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Blue Ribbon Fried Chicken (Photo: Blue Ribbon)

16 of New York’s Best Comfort Food Dishes: Classic and Creative

Indulge in our favorite old-school and new-school takes on eight different types of comfort food -- fried chicken, mac and cheese, burgers, all the so-bad-they're-good-for-you foods you crave when the weather turns chilly

When that wisp of a chill hits the morning air, the shorts are packed away along with the swimsuits, and the sweaters are safely out of storage, it’s time for some good old-fashioned (and new-fangled) comfort food. As the days grow shorter and the clothes bulkier, New York City restaurant menus are skewing heartier much to the delight of comfort food enthusiasts everywhere. Here are 16 amazing comfort food dishes to try this season, eight in tried-and-traditional form and eight with a trendy, only-in-New-York twist. Bon appetite!


Fried chicken from Blue Ribbon Fried Chicken, left, and Perry Street

Fried chicken from Blue Ribbon Fried Chicken, left, and Perry Street (Photos: roboppy/Flickr CC, Perry Street)

Crunchy Comfort: Fried Chicken
This quintessential Southern classic has plenty of fans far north of the Mason-Dixon line. There’s nothing like the taste sensation you get when biting through perfectly-crusted skin into the juicy meat of a breast or drumstick – using your hands, of course. It’s soul food at its finest.

Classic: Blue Ribbon Fried Chicken
Blue Ribbon’s version is so popular that the empire branched out with an East Village offshoot devoted to the bird. Fans appreciate the simple preparation — just a flour and spice coating — immersed in the fryer and served as “dinners” or by the piece. Bonus: BRFC goes beyond the conventional wings, drums and breast: necks and backs are available, too. 28 E. First St., 212-228-0404,

Creative: Perry St
A little technology goes a long way for taste in Cedric Vongerichten’s modernist version of fried chicken. The executive chef at West Village’s Perry St aerates the batter with a soda charger for an ethereally light, super-crunchy crust; the D’artagnan meat is slow-cooked for maximum moisture; and a Scotch-bonnet sauce adds pizzazz to the entire package. 176 Perry St., 212-352-1900,


Mac and cheese from Dumont, left, and Cafeteria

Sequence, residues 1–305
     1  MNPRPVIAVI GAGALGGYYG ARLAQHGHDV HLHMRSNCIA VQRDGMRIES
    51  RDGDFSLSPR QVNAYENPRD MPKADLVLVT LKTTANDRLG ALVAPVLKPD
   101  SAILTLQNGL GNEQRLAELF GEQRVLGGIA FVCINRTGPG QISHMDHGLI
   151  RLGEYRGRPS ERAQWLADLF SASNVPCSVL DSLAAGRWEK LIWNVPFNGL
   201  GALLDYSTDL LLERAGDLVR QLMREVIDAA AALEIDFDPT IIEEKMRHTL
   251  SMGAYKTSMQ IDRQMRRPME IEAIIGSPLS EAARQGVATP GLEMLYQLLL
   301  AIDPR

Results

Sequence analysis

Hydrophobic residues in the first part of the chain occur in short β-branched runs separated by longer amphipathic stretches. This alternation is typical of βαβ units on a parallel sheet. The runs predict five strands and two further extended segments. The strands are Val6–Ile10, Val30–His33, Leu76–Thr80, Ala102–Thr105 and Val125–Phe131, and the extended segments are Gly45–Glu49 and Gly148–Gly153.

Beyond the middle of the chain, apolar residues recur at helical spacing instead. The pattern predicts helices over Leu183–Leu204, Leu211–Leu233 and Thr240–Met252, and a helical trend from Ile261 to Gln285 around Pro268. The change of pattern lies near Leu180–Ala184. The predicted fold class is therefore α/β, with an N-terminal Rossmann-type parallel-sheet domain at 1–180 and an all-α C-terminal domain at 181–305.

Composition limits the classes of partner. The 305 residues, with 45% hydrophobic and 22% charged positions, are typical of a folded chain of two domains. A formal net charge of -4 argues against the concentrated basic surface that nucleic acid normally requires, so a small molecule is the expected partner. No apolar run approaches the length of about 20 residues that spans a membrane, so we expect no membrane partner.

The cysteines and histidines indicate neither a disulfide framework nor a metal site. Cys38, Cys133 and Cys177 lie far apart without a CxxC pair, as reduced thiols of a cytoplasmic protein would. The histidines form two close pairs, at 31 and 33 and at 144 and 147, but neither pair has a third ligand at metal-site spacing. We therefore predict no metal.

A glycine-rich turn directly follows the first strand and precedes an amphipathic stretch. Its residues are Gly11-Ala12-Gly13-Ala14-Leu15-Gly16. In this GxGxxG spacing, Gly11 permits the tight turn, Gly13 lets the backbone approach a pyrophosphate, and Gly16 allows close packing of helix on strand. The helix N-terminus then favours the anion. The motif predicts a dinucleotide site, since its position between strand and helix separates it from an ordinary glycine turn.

Mac and cheese from Dumont, left, and Cafeteria (Photo: mesohungry/Flickr CC, amlamster/Flickr CC)

Cheesy Comfort: Mac and cheese
The most basic of dishes, easy to prepare, and fed to us from a box since we were old enough to eat solid food, it’s not just the childhood memories that makes mac and cheese a reassuring favorite. Just about any combo of cheese, cream, pasta and breadcrumbs make everything in the world seem right.

Classic: Dumont
This Brooklyn take is likely to make your childhood flash before your eyes. Extra creaminess equals extra soothing, and a mix of Gruyere, parmesan and cheddar yields a pungent, sharp and smooth flavor balance. Replacing slippery elbow macaroni with ridged, radiatore pasta is a genius touch — it literally clings on to the good stuff.  432 Union Ave., 718-486-7717,

Creative: Cafeteria
As if just plain ol’ mac and cheese wasn’t decadent enough, Chelsea’s Cafeteria stuffs it in a spring roll wrapper, deep-fries it, and serves it with a Gouda dipping sauce. 119 Seventh Ave., 212-414-1717,


Pastrami sandwich from Katz's, left, and Empellon Cocina

Pastrami sandwich from Katz’s, left, and Empellon Cocina (Photos: utopiandreaming/Flickr wesbran/Flickr CC)

Salty Comfort: Pastrami Sandwich

Born in the delis of the Lower East Side, a delicious pastrami sandwich brings back the good old days (real or imagined). You don’t need to be bar mitzvahed to appreciate the nostalgic, salty, meaty, old-world flavor. Made by soaking beef in brine, then smoking, and steaming it, it’s the only deli meat that gets a full Russian bathhouse treatment before serving.

Classic: Katz’s Delicatessen
Famous for its cold cuts, and as the setting for the “I’ll have what she’s having,” scene from When Harry Met Sally, the owners of this 125-year-old Lower East Side landmark like to say that Sally wasn’t faking it — it was their pastrami on rye that brought her to orgasm. 205 East Houston St., 212-254-2246,

Creative: Empellon and Empellon Cocina
Chef Alex Stupak celebrates two of America’s great immigrant cultures in his short rib pastrami taco with pickled cabbage and mustard seed salsa — a Jew-Mex powerhouse so popular it’s the only taco he serves at both the East Village and West Village branches. Empellon Cocina 105 First Ave., 212-780-0999; Empellon Taqueria 230 W. Fourth St., 212-367-0999,


Egg sandwich from Peels Restaurant

Egg sandwich from Peels Restaurant (Photo:Peels Restaurant)

Hangover Comfort: Egg Sandwich
It’s a must for breakfast after a night of boozing. The bread sops up all remnants of a previous night’s revelry, while the protein punch provides an eye-opener. The only thing that makes the classic egg sandwich a better hangover cure is a Bloody Mary on the side.